Residents object to development on Magdalene site in Cork
Proposals to build 182 apartments on Good Shepherd convent site on city’s northside
A grid in the door of the Magdalene laundry on Gloucester Street in Dublin. Photograph: Cyril Byrne
Residents on Cork’s northside have lodged more than 30 objections against the proposed building of 182 apartments on the site of a former Magdalene laundry in the city.
People who live close to the Good Shepherd convent insist that the area will not be able to cope with an influx of hundreds of additional residents as traffic congestion is already at a peak.
Tom Coleman, spokesman for the Good Shepherd Community Action Group, said the area does not have the infrastructure to support the building of 182 apartments on the eight acre site which is located between Sunday’s Well and Blarney Street.
“It will create gridlock. We have nothing against development in general. But we will be choked completely,” said Mr Coleman. “This will double the population. There was scant regard for the architecture of the area and there is concern about the burial of the infants. Feelings are running very high in the area.”
The residents have issued an appeal to An Bord Pleanála to hold an oral hearing in to the proposed building of apartments on the site.
The Good Shepherd convent was first bought by UCC in 1995.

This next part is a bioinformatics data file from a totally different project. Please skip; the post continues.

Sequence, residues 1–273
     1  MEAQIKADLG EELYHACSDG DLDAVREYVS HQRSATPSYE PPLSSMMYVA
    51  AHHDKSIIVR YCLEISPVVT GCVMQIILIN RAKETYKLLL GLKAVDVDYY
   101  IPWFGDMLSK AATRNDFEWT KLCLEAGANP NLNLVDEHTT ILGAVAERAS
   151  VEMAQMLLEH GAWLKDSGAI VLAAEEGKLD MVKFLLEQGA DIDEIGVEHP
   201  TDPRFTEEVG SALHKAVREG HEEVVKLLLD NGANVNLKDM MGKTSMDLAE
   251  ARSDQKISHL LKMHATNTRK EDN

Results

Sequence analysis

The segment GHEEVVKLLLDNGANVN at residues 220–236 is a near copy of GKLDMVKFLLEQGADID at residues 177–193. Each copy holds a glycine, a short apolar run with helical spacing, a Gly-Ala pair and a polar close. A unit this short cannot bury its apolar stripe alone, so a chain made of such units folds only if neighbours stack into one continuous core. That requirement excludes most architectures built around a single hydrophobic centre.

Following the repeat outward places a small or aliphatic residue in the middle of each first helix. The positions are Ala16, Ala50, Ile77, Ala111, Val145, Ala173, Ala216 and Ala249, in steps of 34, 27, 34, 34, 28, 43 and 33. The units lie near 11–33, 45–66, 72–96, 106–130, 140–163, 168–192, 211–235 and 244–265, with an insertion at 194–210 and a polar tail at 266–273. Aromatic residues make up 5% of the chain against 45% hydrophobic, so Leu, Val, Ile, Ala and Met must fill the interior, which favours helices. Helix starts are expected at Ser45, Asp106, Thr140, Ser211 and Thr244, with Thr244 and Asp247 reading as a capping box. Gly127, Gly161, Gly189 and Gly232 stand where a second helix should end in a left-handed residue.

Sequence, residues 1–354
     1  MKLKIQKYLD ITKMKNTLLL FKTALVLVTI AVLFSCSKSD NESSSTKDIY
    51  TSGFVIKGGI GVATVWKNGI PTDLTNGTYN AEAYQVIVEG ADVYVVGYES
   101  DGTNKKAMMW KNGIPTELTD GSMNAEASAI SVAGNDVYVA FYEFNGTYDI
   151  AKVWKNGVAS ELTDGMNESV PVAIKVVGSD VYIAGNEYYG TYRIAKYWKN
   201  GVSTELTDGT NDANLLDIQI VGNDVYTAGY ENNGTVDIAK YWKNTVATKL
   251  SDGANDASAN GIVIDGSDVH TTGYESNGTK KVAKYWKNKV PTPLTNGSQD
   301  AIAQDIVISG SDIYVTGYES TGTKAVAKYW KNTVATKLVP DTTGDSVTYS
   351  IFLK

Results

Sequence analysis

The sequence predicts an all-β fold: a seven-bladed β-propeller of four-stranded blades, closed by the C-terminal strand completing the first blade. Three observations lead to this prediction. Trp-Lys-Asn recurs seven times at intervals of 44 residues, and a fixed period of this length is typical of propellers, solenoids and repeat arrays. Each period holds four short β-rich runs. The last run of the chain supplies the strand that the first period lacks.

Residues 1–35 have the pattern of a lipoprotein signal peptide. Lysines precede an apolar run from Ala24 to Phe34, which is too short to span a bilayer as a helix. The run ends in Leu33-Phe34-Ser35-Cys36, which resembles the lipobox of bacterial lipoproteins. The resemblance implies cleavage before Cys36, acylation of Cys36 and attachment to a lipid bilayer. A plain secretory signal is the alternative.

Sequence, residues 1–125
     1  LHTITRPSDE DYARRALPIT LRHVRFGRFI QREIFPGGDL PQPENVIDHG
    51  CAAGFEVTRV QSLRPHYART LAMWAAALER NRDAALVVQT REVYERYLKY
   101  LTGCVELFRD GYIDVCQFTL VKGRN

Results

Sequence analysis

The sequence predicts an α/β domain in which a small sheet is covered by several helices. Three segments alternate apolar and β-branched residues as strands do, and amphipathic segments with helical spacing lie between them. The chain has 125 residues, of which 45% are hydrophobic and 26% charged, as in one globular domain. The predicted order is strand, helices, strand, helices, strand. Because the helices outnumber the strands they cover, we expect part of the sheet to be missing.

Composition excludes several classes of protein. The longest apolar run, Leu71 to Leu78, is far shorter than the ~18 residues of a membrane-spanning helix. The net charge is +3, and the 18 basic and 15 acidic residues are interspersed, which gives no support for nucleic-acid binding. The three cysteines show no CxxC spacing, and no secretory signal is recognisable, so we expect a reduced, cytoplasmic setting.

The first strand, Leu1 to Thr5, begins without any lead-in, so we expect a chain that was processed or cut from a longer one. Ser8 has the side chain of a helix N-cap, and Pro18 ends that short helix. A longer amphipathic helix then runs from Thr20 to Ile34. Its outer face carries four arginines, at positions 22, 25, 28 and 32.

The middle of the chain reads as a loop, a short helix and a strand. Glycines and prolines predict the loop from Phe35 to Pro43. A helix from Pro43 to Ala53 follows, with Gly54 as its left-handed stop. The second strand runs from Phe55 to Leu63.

It was subsequently sold on to developer Pat Hegarty, who resold it to Frinailla seven years ago with a price tag of €20 million.
It was purchased by current owners Dundalk based Moneda Development in 2016 for €1.5 million.
In December of last year, Moneda were granted planning permission by Cork City Council with the provision that the number of apartments be reduced from 234 to 182. The company also had to make a number of changes to their plans in the interest of the area’s visual and residential amenities.
The planning is also subject to conditions relating to the potential finding of undocumented burials on the site.
Cork City Council has noted that the site is of “significant social, architectural and conservation importance and sensitivity.”
The Magdalene grave at the site contains the names of 30 women who died between 1882 and 1973. The grave was unmarked until the late 1990s.
The central convent block and Magdalene asylum wing opened in 1872. The complex remained in use until the late 1970s.